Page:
Greenview Garden

December 1986 6 1200 e 273e382

October 1987 7 1568 e 273e382

June 1985 6 756 e 295e453

June 1987 3 450 e 571e730

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W.M. Jayantha et al. / Habitat International 49 (2015) 148e156 Table 4 Estimated results for the hedonic price model.

Fig. 4. Timeline of the SCL project. Source: Authors

4.2. Results The estimated empirical results of the Hedonic Price Model (HPM) are discussed in this section. The descriptive statistics of the data used in the model are summarised in Table 3. The results of the HPM (shown in Table 4), including the explanatory power and other measures that reflect the goodness-of-fit of the model, suggest that the model performs very well. The adjusted R2 of the model is found to be 0.903, suggesting that more than 90 percent of the total variation of residential property price is explained by the selected independent variables. The F-value of 5879 (exceeding the critical value) means that the selected independent variables are jointly statistically significant and at least one variable can explain the variation of the residential property prices. All the estimated coefficients of variables (except one variable) are statistically significant at 1% and 5% levels and also carry the expected signs. Even though the main focus of this study is on the transport improvement variables, it is worth analysing the behaviour of the standard property variables in the model first. The empirical results of the HPM indicate that all the standard variables (except Mountain View) are highly statistically significant at 1% level, and also all the variables carry the anticipated theoretical signs. Results reveal that real residential property prices (LnP) are negatively correlated with the building age (LnAGE), whilst positively linked to the floor level (LnFLR), saleable floor area (LnAREA), the presence of clubhouse in the building (CLUB) and the building views (SView, GView). Findings of these standard property attributes in the model are quite consistent with common expectations as well as with the findings of previous studies in the literature. In particular, Some previous studies found out that these attributes are very significant in determining property prices in Hong Kong's high-rise residential buildings (e.g., Tse & Love, 2000; Wong, Chau, Yau, & Cheung, 2011). Introduction of these standard key property attributes (variables) into the model therefore has avoided any misspecification error in the model. Put differently, the significance of these standard property variables along with transport improvement variables indicate that the model performs very well.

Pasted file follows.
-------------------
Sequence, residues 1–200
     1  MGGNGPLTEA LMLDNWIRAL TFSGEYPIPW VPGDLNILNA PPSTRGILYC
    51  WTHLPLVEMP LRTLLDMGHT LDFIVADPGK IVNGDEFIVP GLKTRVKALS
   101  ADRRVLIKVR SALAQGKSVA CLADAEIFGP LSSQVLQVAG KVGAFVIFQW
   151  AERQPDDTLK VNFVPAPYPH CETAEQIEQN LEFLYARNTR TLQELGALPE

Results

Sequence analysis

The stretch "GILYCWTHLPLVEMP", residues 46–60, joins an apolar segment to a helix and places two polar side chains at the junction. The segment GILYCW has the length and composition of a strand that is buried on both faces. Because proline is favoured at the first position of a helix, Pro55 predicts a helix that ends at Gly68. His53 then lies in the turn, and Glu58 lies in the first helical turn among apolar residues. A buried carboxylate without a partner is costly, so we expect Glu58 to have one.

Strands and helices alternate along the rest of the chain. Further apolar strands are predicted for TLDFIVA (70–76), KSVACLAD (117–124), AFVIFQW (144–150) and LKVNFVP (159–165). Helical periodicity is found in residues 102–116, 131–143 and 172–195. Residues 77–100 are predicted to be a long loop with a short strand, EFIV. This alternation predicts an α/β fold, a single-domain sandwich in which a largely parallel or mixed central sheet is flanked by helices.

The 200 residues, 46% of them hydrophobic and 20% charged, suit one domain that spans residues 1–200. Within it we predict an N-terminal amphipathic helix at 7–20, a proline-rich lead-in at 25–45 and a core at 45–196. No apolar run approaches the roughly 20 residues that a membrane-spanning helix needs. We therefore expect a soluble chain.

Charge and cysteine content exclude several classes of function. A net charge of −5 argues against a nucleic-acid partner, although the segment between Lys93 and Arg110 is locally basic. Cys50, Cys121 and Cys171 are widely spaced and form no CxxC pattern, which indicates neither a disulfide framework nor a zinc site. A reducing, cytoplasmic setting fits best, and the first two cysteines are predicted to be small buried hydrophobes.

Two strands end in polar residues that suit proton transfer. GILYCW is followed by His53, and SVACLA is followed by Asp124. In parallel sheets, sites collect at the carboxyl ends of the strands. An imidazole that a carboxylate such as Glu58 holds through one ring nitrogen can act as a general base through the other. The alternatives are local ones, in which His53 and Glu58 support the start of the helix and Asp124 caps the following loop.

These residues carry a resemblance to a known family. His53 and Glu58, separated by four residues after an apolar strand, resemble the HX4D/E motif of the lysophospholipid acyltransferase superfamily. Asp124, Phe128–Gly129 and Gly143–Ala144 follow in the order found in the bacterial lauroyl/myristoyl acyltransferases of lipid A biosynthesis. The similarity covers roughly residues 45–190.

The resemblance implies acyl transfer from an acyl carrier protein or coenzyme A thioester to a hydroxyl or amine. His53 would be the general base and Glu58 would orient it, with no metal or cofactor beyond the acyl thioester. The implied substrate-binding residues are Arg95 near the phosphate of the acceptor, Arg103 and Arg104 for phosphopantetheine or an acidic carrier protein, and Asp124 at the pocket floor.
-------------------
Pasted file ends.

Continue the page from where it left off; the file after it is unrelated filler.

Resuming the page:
Independent Variable

Coefficient

t-statistic

p-value

Constant Ln(AGE) Ln(FLOOR) Ln(AREA) CLUB SView GView GreenView Ln (DIS) Ln (DIS)  P1i Adjusted R-squared F-statistic Prob (F-statistic) N

1.0323 0.4773*** 0.0312*** 2.6267*** 0.6913*** 0.1406*** 0.1164** 0.0303 0.1647*** 0.0006*** 0.903 5879.57 0.0000 6310

4.4086 31.3957 3.6103 90.2621 25.6858 3.1121 2.1170 0.5580 8.9559 20.6543

0.0000 0.0000 0.0003 0.0000 0.0000 0.0018 0.0343 0.5768 0.0000 0.0000

Note: (***), (**) and (*) denote that the estimated coefficients of the variables are significant at the 1%, 5% and 10% level respectively.

The argument now deals with the most important aspect of this model: the transport improvement variables. Two variables, Ln(DIS) and Ln (DIS)  P1i, were introduced to capture the effect of expected transport improvement facilities on residential property prices. The results reveal that the coefficients of these two variables are statistically highly significant (at 1 percent), suggesting a strong relationship between transport improvement variables and the neighbourhood residential property prices. The coefficient of Ln(DIS) was found to be negative and statistically highly significant at 1 percent level. That means, before the announcement of SCL project, as the distance between the property and the MTR station increases by 1 percent, residential property price decreases by 0.165 percent. On the other hand, the interaction variable, Ln (DIS)  P1i, which was employed to determine the price gradient after the announcement of SCL project, was also highly significant at 1% level. Put differently, this variable captures the expected effects of the announcement of the SCL on property prices. The significance of this variable indicates that the SCL project did change the spatial-price gradients of the residential properties in the vicinity. In other words, the results indicate that the effect of announcement of SCL on property price is significant. The negative sign of the coefficient of the variable suggests that 1% decrease in distance between the property and MTR stations led to a rise in property prices by 0.0006%. This suggests that potential buyers recognized the positive externalities brought about by the improvement of the transportation and are willing to pay more for properties in the vicinity of these stations. Even though the degree (0.0006%) of effect is low, this is in line with the presumption that proximity to a transport (node) improvement should result in an increase in property price. In other words, potential property buyers seem to have taken the announcement of the SCL, to a certain extent, into account (positively) and hence properties'